In endeavoring to fulfill these goals, Amb. Quinn has built the annual World Food Prize Laureate Award Ceremony and the Borlaug Dialogue International Symposium into the “Davos of Global Food Security;” an event that has been attended annually by over 1,200 people from 40 to 50 different countries. Speakers at the World Food Prize programs in Iowa during Amb. Quinn’s tenure include: Chinese President Xi Jinping; U.N. Secretaries- General Ban Ki-moon and Kofi Annan; Princess Haya bint Al Hussein the U.N. Messenger of Peace; former Prime Minister Tony Blair and Bill Gates who, from the stage of the World Food Prize Dialogue in 2009 launched his multi-billion dollar global effort to eradicate poverty.

The Ambassador’s vision to have the World Food Prize Laureate Award Ceremony take place in the magnificent Iowa State Capitol and to combine it with renowned musical performances, caused Dr. Borlaug to say prior to his passing – “this ceremony exceeds the one at where I received the Nobel Prize in Oslo.” Others have called it the “Oscars of Agriculture.”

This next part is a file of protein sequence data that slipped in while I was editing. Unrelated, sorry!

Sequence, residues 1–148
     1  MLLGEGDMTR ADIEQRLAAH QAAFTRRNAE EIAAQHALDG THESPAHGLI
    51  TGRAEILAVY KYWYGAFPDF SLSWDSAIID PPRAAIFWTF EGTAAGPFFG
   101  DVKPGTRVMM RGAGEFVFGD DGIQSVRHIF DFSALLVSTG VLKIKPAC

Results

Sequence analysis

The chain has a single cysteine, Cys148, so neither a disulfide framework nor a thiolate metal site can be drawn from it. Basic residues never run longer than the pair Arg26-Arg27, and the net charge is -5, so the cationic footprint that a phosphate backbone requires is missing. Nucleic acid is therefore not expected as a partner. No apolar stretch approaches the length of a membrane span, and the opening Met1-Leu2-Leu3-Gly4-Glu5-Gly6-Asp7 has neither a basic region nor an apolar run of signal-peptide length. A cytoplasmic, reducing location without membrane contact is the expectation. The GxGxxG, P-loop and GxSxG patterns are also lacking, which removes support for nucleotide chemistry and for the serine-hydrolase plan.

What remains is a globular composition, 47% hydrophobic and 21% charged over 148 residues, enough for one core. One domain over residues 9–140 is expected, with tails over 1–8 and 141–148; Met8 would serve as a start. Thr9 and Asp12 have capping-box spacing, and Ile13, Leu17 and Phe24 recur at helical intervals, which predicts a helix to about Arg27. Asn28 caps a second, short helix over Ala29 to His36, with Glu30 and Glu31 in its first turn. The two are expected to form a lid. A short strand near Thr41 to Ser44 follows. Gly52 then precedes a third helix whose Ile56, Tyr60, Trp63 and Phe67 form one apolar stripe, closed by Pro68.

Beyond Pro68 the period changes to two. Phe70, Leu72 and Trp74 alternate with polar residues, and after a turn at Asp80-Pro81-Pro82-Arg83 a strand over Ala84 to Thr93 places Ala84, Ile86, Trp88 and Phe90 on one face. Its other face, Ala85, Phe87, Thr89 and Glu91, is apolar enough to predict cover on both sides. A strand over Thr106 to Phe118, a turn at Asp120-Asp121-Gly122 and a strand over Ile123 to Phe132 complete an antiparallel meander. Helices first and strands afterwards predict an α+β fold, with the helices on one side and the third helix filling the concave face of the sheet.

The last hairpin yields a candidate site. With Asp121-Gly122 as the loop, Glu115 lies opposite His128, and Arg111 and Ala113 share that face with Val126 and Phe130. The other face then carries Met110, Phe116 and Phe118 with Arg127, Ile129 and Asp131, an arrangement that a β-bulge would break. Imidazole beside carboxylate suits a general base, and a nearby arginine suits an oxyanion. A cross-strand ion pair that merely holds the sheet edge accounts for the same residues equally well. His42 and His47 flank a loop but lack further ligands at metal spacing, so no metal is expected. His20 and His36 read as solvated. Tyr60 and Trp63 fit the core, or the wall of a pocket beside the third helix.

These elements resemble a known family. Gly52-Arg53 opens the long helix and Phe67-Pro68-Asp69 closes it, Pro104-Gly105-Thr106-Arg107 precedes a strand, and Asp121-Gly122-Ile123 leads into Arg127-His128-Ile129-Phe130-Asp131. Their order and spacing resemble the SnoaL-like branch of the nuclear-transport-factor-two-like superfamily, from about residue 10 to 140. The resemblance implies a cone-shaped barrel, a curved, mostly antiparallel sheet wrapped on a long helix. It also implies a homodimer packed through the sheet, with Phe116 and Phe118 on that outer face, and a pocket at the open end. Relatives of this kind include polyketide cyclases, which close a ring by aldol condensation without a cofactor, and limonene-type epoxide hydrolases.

Amb. Quinn is immensely proud that he has brought more international agri-business and food company CEOs to Iowa than any other organization in the state, and that the World Food Prize Youth Programs have become an unparalleled educational experience.

When he assumed leadership of the World Food Prize, its youth program attracted only about 25 high school students, all from Iowa, for a one-day event. Twenty years later, the World Food Prize youth education programs inspire over 10,000 students a year from 30 U.S. states and 10 foreign countries and provide extraordinary experiences for Borlaug-Ruan International Interns and Wallace-Carver Fellows.

“If there was a Mount Rushmore dedicated to the World Food Prize there would have to be room for Amb. Ken Quinn’s likeness along with that of Dr. Norman Borlaug and John Ruan,” said Secretary Tom Vilsack, former U.S. Secretary of Agriculture. “Ambassador Quinn took the World Food Prize to new heights with a passionate commitment to its purpose and its founders. He never lost an opportunity to expand the impact of the World Food Prize. By creating and building up the youth institute and fellowship programs he guaranteed succeeding generations would honor the legacies of Dr. Borlaug and John Ruan and accept the challenge of feeding the world and ending hunger. Iowans, in particular, should be incredibly proud of how Ambassador Quinn along with the Borlaug and Ruan families have brought the world to Des Moines every year allowing us to showcase our capitol city and state.”